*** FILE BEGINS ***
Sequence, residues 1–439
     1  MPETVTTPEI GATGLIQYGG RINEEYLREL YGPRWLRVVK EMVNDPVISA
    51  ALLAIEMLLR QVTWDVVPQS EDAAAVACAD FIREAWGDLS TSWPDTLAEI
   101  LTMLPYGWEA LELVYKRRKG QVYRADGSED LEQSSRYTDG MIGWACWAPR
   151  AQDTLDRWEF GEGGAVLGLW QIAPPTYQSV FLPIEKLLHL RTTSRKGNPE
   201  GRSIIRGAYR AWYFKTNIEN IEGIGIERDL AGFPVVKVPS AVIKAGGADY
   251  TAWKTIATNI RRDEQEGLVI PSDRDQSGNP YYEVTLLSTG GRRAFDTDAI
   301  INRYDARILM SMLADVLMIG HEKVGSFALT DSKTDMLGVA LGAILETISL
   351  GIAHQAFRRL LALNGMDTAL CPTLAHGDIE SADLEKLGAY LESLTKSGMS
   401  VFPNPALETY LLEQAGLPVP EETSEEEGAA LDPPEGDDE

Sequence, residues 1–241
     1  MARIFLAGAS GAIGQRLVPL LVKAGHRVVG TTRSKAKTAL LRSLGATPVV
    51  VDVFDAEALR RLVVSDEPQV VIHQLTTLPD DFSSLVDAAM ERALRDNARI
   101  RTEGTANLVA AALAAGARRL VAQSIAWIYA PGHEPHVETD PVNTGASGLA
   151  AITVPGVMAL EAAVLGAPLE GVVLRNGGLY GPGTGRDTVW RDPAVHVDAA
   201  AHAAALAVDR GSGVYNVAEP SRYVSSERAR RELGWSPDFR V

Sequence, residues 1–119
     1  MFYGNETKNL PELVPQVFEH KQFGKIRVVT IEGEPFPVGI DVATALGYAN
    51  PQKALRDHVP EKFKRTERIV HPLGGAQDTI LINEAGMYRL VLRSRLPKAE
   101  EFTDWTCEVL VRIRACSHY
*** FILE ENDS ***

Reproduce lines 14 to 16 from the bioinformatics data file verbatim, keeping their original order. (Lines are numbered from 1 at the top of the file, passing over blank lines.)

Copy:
   101  RTEGTANLVA AALAAGARRL VAQSIAWIYA PGHEPHVETD PVNTGASGLA
   151  AITVPGVMAL EAAVLGAPLE GVVLRNGGLY GPGTGRDTVW RDPAVHVDAA
   201  AHAAALAVDR GSGVYNVAEP SRYVSSERAR RELGWSPDFR V